The Connecticut Firemen's Historical Society has a small museum at 230 Pine St., on the corner of Pine St. & Hartford Rd. (right across Pine St. from Cheney Hall--see "music & local theater" tip under nightlife). This is another one of the historical buildings in Manchester. It is the original Cheney Fire House (minus the big tree that used to be right in front of the main door for the equipment!). I went in it back when it first opened so it's been a while, but it would be of interest to anyone into old firefighting stuff.
1. The Cheney Homestead, 106 Hartford Rd, right across Hartford Rd from Cheney Hall (see "concerts & local theater" under nightlife). This is the original 18th century home that started what became the Cheney Bros. Silk industry.
2. Manchester Historical Society Museum, 126 Cedar St., which is off Cooper Hill St., just a little ways up Pine St. from the Fire Museum. A small museum for now, the Historical Society has bought one of the old Cheney Mills (the one at the corner of Pine & Forest that still looks industrial), and is planning to move into that eventually, which will enable it to greatly expand the museum.
The bandshell at Manchester Community College has concerts all summer long. There's ample free parking, and the concerts are basically free--they will come around for voluntary donations about half-way thru. They have a variety of styles of music--Coast Guard band, bluegrass, barbershop quartet, jazz. They're of varying quality, but hey--what do you want for a free, small-town concert?? ;o) Some are quite good--take your chances!
Originally the Wickham Family Estate, when they died they willed it to a Foundation to become a park. Right at the Manchester-East Hartford line, where W. Middle Tpke. turns into Burnside Ave, this is a large park with lovely paths to walk, bike or jog, including ordinary dirt paths thru wooded areas (for hiking, not biking). It also has an oriental garden, a bird sanctuary, a hilltop with a fantastic view, a small collection of animals, playgrounds and numerous picnicking spots. Some of the larger picnicking spots include pavilions & require making a reservation; they're excellent for any group event--wedding, family reunion, company picnic, church picnic, etc. You can play tennis, softball, volleyball & horseshoes, and I only just learned this myself when I found the web site to provide the link below: they've just put in a frisbee golf course!! And they're working on an English garden!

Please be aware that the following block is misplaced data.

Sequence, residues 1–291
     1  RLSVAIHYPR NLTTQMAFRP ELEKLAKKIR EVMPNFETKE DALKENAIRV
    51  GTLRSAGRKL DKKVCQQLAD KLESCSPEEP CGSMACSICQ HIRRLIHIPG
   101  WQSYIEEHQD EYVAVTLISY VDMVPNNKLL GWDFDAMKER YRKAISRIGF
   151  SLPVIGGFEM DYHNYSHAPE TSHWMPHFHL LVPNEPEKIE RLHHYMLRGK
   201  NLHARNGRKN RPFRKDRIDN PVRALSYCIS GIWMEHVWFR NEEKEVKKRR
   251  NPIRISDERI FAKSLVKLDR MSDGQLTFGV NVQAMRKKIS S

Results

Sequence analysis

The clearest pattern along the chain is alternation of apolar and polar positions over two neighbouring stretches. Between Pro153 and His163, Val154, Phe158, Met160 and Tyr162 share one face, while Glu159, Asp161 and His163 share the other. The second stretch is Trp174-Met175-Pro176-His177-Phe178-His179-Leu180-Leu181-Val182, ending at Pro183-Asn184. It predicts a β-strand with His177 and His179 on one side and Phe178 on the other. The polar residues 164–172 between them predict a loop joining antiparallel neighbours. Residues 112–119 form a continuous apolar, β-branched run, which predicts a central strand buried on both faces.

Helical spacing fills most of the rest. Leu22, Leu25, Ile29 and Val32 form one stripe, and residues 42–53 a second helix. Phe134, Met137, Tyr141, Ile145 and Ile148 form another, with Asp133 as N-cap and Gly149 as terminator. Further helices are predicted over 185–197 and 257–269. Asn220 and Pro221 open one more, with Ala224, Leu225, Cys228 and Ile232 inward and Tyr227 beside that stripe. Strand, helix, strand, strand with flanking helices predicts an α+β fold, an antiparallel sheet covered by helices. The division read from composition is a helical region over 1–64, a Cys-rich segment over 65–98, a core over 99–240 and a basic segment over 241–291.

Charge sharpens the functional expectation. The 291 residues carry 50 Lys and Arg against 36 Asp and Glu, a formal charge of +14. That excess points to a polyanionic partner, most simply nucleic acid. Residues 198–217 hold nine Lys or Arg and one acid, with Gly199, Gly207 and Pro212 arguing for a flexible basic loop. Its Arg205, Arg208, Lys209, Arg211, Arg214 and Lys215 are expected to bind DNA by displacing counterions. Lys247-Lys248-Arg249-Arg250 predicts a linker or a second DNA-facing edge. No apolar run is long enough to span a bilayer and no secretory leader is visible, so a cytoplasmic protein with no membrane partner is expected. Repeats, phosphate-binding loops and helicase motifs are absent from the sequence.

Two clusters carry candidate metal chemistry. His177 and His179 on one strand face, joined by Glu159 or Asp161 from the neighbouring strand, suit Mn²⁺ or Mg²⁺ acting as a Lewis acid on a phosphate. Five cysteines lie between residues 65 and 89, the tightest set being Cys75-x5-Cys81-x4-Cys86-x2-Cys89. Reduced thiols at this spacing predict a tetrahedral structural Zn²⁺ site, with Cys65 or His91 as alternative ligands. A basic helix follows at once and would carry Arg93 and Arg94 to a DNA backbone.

It's really a lovely park. I've gone walking in it on my own & felt safe enough, although I'm not sure I'd go too far off into the woods on my own, because I'm not sure how naive I'm being. My only complaint is that they don't open early enough in the morning to take advantage of cool morning air for summertime exercise or for people to use it before going to work (they don't open until 9:30 am).
They charge for parking, but it's only like $2-$3 for a car, and that's the only fee to use it. (i.e. If you lived in one of the apartment complexes across the street you could walk over & use it free.) They're generally not open in the winter, but they do use the cabin on the top of the hill for a special Santa thing at Xmastime.
Exit 60 off I-84. EB, turn left; WB turn right. It's right there on your right. From the middle of Manchester, you can just go straight west on either Middle Tpke. or Center St. (which turns into W. Middle Tpke. just before the highway) until you cross over I-84.
This picture really doesn't do it justice--how do you capture so much area in one picture?!
Located at 247 South Main St, it has hands-on activities for the kids. Exit 3 off I-384. EB, turn left. WB, turn left, then left again at the light onto S. Main, cross over the highway. It's a short way down on the left.